The glrightskip parameter determines how much space is possible between the right margin and the last glword on a line. (A glword is the box that consists of a word in \gla and a gloss on lower aligned lines; see section 9.1 of the documentation). This parameter's default value is set to 0pt plus .1\hsize (p. 38), which allows for up to 10% of the line width to be whitespace before the right margin. If you remove the plus .1\hsize, you can force the final glword to be at the right margin.

You should also adjust the glspace parameter, which determines the amount of space between glwords. Its default value is set to .5em plus .4em minus .15em (p. 38), so if you want to allow more whitespace between glwords (which may be necessary for justification), you can increase plus .4em; in the example below I've made it plus 3em.

Justification in the free translation

To get justification in the free translation, you can load the ragged2e package and put \justifying\noindent in the definition of the everyglft parameter. (See this answer.) Beware that the column for your free translation is very narrow in the MWE you provided, so you may run into some issues with overfull hboxes when you justify your free translations. See this question and its answers if that is the case.

Example

In the following example, I modified your MWE to make longer words in the aligned lines, which cause the (lack of) justification to be more noticeable since expex won't break any glwords across lines.

\documentclass{book}

\usepackage{ragged2e}
\usepackage{expex}

\lingset{% you can use \lingset to define parameters globally for your document
    glftpos=right%
    ,glhangstyle=none%
}

\definelingstyle{justified}{glrightskip=0pt% the default value for this parameter is 0pt plus .1hsize; by removing the "plus .1hsize" you force the last glword to be at the right margin
    ,glspace=0.5em plus 3em minus 0.15em% the default value for this parameter is .5em plus .4em minus .15em; by increasing the "plus" value from 0.4em to 3em, you increase how much stretch there is between glwords; if this isn't enough for your needs, you can always increase the value
    ,everyglft=\justifying\noindent% \justifying is provided by the ragged2e package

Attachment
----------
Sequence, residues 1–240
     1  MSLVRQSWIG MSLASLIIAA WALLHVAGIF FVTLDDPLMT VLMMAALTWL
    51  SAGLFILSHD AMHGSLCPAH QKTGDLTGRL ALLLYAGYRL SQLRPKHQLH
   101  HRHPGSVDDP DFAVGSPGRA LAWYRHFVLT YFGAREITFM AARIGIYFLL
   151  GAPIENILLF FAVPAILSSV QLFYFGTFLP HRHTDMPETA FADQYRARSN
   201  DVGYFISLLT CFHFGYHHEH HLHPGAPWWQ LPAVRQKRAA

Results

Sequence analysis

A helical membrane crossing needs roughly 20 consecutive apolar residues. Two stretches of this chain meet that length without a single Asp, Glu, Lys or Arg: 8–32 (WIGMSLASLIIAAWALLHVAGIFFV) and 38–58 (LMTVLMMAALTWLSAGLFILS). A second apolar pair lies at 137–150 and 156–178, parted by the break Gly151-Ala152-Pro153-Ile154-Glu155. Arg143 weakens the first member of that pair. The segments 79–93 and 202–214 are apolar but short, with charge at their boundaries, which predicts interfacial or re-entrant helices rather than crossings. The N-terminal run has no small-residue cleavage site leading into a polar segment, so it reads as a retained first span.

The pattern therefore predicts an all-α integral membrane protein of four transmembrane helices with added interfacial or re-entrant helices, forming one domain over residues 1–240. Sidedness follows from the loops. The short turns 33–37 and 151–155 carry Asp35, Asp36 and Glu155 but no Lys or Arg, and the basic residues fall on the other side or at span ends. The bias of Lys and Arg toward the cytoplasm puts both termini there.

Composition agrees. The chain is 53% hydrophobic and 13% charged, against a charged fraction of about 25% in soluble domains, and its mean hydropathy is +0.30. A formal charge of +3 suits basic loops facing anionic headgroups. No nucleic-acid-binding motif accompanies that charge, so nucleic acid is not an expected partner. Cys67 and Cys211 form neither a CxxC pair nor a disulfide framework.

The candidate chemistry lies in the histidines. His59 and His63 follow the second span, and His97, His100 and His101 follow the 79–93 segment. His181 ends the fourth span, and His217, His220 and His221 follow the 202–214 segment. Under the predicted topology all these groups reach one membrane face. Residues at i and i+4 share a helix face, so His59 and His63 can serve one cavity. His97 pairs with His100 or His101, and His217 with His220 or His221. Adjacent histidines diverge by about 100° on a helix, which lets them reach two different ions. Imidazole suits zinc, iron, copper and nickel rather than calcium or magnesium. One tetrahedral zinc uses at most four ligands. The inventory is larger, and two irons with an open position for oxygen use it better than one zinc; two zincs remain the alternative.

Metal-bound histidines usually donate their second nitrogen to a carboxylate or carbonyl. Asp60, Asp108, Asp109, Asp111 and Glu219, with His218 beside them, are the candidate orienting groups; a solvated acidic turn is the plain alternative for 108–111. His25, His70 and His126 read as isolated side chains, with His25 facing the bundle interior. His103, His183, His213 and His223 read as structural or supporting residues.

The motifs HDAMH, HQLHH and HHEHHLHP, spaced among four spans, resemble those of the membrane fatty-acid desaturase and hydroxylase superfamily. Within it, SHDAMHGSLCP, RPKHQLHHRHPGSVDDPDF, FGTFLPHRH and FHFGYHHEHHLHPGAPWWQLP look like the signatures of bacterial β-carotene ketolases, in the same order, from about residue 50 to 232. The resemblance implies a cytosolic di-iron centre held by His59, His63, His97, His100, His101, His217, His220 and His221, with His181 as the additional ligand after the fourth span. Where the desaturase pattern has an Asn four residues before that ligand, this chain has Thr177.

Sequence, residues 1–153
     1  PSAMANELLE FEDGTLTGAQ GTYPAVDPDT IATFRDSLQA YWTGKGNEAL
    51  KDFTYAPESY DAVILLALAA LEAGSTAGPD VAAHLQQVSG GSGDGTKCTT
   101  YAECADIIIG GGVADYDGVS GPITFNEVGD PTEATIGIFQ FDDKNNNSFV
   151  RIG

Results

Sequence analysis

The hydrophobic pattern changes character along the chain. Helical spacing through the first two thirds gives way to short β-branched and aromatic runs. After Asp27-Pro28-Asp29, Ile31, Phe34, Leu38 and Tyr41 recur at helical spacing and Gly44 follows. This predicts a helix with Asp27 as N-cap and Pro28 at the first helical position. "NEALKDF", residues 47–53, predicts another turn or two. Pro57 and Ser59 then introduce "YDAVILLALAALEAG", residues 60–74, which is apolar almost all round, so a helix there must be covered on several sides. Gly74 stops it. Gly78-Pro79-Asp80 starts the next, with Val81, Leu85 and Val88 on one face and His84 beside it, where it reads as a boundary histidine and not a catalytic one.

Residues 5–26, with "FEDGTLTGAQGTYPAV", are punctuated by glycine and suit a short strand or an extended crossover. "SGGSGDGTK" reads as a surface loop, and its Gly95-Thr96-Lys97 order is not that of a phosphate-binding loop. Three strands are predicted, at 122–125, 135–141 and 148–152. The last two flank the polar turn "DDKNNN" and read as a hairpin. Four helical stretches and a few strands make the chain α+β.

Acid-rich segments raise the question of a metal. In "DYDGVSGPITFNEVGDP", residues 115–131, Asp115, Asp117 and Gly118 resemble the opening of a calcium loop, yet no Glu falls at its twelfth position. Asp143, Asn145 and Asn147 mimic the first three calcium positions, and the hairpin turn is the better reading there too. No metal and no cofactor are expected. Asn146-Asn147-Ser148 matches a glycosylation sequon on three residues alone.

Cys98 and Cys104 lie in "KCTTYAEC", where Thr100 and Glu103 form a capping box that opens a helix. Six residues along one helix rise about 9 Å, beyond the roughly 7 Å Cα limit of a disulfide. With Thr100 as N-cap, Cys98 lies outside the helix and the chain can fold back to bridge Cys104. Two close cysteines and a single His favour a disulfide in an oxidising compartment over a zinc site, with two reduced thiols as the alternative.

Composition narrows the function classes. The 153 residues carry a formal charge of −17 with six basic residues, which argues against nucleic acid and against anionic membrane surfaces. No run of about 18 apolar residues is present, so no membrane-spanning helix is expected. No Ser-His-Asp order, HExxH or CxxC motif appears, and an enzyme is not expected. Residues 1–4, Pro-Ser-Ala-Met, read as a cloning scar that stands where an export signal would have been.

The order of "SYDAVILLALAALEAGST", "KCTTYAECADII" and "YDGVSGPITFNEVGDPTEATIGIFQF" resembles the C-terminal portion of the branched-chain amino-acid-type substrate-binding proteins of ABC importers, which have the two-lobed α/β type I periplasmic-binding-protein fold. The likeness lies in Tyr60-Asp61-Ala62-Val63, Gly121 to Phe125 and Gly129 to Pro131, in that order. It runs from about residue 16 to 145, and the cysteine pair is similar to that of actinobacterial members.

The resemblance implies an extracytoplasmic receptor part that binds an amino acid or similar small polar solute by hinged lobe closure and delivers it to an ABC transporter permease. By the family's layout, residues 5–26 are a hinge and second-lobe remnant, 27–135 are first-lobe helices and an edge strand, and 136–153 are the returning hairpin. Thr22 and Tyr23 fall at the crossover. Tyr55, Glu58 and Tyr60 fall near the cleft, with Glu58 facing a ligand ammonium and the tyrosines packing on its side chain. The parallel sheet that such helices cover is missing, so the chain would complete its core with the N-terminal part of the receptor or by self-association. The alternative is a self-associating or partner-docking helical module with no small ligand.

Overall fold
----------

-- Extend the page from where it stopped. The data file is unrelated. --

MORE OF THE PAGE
}

\begin{document}

\exdisplay
\begingl
\glpreamble \textbf{Without justification}//

\gla aaaa a aaa aaa a aaaa aaaa aaaa aa aa aaaaaaaa aaaa aaaa a aaa aaa a aaaa aaaa aaaa aa aa aaaaaaaa aaaa //

\glb bbbb b bbbbbbbbbb bbb b bbbbbbbbbbbbbb bbbb bbbb bb bbbbbbbbbb bbbbbbbb bbbb bbbb bbb bbb bbb bbbbbbbbb bbbbbbbbbbbbbbb bbbb bbbbbbbbbbbbbbbb bb bbbb bbbbbbbb bbbb//

\glc cccc c ccc ccc c cccc cccc cccc cc cc cccccccc cccc cccc c ccc ccc c cccc cccc cccc cc cc cccccccc cccc//

\glft Some actual English text so that you can see whether the hyphenation and justification provided by \LaTeX{} are actually working in this free translation.//
\endgl
\xe

\exdisplay[lingstyle=justified]
\begingl
\glpreamble \textbf{With justification}//

\gla aaaa a aaa aaa a aaaa aaaa aaaa aa aa aaaaaaaa aaaa aaaa a aaa aaa a aaaa aaaa aaaa aa aa aaaaaaaa aaaa //

\glb bbbb b bbbbbbbbbb bbb b bbbbbbbbbbbbbb bbbb bbbb bb bbbbbbbbbb bbbbbbbb bbbb bbbb bbb bbb bbb bbbbbbbbb bbbbbbbbbbbbbbb bbbb bbbbbbbbbbbbbbbb bb bbbb bbbbbbbb bbbb//

\glc cccc c ccc ccc c cccc cccc cccc cc cc cccccccc cccc cccc c ccc ccc c cccc cccc cccc cc cc cccccccc cccc//

\glft Some actual English text so that you can see whether the hyphenation and justification provided by \LaTeX{} are actually working in this free translation.//
\endgl
\xe
\end{document}

enter image description here

enter image description here

I don't see any reason this solution should not work equally well for non-Latin letters or RTL text, but you should ask a separate question about that if it doesn't work in those particular scenarios.